Thursday, January 20, 2011

FAQs: Philadelphia Earned Sick Time Bill

In Philadelphia over 40% of workers do not have the ability to earn any paid sick days.  Currently there is a bill in City Council, the Promoting Healthy Families and Workplaces (Bill No. 080474), which would provide workers in Philadelphia with a minimum number of paid sick days that they earn.  Below is some information about the bill in the form of some frequently asked questions.

Once you know about the bill, please contact your members of City Council and urge them to suppport this important piece of legislation.

What does this bill cover?

In Philadelphia, 41% of all workers have no access to earned sick days. Under this bill, workers would have the opportunity to earn 1 hour of sick time for every 30 hours worked, up to 72 hours in a calendar year (unless the employer selects a higher limit). Worker in small businesses (10 or fewer employees) can accrue up to 40 hours per year unless the employer selects a higher limit.

Who is covered under this bill?

All regular workers (part-time and full-time) in Philadelphia are covered under this bill. Independent contractors are not covered by this legislation.

What businesses are considered “small businesses”?

A small business has ten or fewer workers. Employees of small businesses will only accrue 40 hours of earned sick time each year unless their employer selects a higher amount.

Are part-time workers treated differently than full-time workers?

Both part-time and full-time workers are eligible to earn sick time under this bill, and their time will accrue at the same rate (1 hour for every 30 hours worked). However, since part-time employees work fewer hours than full-time employees, they will accrue less total time each year.

When can workers begin using their earned sick days?

Workers may begin using their earned sick days after 30 calendar days of employment.

What if an employer already offers paid sick time or any type of paid time off (PTO)?

Employers that already offer an equivalent or greater amount of paid time off will not need to change their policies, as long as the paid time off they offer can be used as sick time (that is, if the employee can call out sick without prior notice).

Will earned sick days “roll over”? Will employers need to pay workers for unused days?

Under this bill, earned sick time can carry over to the following year, but the total amount of earned sick time does not need to exceed 72 hours per employee (or 40 hours per small business employee). Employers do not have to pay workers for unused days at the time of their departure from the business.

What restrictions are placed on workers regarding earned sick days?

Workers may only earn 72 hours of paid sick time per year (40 hours per year in small businesses) unless an employer chooses a higher limit. Workers must make a good faith effort to give notice of sick time when leave is foreseeable. Employers may require reasonable documentation for more than three consecutive days of sick time.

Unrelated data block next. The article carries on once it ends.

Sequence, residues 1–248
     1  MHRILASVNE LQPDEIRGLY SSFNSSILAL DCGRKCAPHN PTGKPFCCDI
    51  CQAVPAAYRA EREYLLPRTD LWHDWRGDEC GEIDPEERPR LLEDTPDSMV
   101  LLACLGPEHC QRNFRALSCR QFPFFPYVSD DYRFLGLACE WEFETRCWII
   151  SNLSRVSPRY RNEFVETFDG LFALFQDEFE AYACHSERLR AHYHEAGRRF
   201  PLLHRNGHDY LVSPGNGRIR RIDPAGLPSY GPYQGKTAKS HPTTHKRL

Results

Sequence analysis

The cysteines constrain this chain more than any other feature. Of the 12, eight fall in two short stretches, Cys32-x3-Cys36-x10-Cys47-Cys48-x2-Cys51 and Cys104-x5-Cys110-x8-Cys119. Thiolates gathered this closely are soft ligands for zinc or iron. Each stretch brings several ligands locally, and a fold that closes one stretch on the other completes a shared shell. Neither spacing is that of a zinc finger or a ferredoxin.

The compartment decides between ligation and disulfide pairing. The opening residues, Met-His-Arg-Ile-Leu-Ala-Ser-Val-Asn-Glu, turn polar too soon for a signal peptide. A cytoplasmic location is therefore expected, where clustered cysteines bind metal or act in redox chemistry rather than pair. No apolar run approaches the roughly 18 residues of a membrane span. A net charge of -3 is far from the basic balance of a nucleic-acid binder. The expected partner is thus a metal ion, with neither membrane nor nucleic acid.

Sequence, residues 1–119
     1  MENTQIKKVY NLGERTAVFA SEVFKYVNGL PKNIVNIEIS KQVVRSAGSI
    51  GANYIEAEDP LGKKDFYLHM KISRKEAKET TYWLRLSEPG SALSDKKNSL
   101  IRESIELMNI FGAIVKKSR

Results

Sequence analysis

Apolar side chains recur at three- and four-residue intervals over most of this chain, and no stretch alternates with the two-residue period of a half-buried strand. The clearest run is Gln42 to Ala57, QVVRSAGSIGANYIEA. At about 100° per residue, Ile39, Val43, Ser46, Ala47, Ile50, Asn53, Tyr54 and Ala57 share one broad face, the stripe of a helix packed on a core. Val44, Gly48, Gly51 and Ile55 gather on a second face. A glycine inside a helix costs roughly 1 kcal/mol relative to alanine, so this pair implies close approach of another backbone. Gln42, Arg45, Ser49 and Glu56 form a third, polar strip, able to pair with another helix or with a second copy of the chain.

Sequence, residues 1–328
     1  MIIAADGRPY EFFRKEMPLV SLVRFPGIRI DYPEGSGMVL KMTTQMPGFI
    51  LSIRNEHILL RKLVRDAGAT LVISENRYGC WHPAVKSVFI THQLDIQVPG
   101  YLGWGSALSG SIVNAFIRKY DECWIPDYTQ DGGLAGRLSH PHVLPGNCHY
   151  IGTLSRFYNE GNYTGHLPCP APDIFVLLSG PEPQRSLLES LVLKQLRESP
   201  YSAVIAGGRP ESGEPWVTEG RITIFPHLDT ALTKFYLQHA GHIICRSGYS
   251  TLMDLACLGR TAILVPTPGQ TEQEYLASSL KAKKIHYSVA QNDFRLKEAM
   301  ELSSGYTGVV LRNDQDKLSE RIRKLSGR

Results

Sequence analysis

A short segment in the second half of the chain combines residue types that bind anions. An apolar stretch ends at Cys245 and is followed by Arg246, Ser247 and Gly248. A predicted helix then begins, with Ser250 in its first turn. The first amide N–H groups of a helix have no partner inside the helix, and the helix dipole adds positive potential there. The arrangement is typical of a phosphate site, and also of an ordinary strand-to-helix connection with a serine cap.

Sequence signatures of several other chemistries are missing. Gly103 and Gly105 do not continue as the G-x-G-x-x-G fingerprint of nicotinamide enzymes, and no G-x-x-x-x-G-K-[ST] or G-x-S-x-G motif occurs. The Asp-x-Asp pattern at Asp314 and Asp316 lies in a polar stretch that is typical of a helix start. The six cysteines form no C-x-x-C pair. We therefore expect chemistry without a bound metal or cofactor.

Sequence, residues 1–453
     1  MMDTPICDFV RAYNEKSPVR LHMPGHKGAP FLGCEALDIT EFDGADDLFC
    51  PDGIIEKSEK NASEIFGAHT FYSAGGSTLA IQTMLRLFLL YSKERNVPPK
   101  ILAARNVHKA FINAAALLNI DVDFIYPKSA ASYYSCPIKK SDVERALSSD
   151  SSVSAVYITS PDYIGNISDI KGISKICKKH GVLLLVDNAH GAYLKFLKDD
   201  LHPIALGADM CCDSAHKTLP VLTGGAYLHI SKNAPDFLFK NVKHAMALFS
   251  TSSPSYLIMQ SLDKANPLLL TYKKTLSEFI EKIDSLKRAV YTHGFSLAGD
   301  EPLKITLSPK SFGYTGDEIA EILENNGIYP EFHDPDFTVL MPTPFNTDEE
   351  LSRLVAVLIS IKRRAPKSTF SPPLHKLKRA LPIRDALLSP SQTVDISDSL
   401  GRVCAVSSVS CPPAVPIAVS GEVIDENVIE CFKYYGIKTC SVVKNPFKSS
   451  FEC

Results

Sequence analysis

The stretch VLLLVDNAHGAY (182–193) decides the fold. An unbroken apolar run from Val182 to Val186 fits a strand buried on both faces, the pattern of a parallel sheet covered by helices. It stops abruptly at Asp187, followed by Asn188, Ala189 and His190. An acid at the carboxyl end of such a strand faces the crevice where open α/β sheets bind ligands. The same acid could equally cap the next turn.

No comments:

Post a Comment

Advisory/Press Release (39) autism (2) behind the kitchen door (1) BKD (2) business (40) campaign (2) cdc (1) Center for Social Policy (1) center of american progress (2) child care (1) children (18) city council (7) Coalition (80) costs (11) coverage (2) data (2) domestic violence (8) earned sick time (25) economic opportunity institute (2) economic security (27) elder (5) election (2) election day (1) equal pay (7) event (42) family (33) Family Act (4) family leave (10) fda (1) Federal Poverty level (1) flu (7) fmla (4) food safety (1) food safety modernization act (1) gender gap (2) H1N1 (7) health (4) health care (16) Healthy Families Act (21) huffington post (2) huffpo (2) implementation (4) injury (1) institute for women's policy research (2) insurance (1) law (2) legislation (45) legislators (1) legislature (1) letter to editor (7) letter writing (6) LGBT (4) living wage (4) living wage bill (8) low wage (5) maternity care coalition (1) May 13 (1) mayor (17) minimum wage (1) mobilize (1) national (11) new hampshire university (1) New York City (1) Newsletter (3) Nutter (2) NutterWatch (9) occupational injury (1) op-ed (7) other states/cities (23) PA (38) paid (1) paid leave (27) paid sick days (34) Pennsylvania (3) petition (12) Philadelphia (151) Philly ROC (4) pictures (4) Pitt (1) polling (2) poverty (2) preemption (5) pregnancy (4) press (34) prevention (1) public comment (5) public health (31) ranking (1) regulations (2) report (15) restaurant workers (3) restaurants (10) ROC (1) safe time (1) san francisco (17) SB 333 (1) Seattle (1) Shriver Center (1) sign-on (1) SPM (1) stats (10) Story (23) study (4) Supplmental Poverty measure (1) take action (35) tax credits (1) transportation (1) trust across america (1) university of Boston (1) university of Michigan (1) University of Pittsburgh (1) veto (1) video (3) Virginia (1) volunteer (1) vote (6) vote for homes (1) voter id (1) Washington DC (1) women (15) work flexibility (1) work-life balance (14) workers (3) world economic forum (1)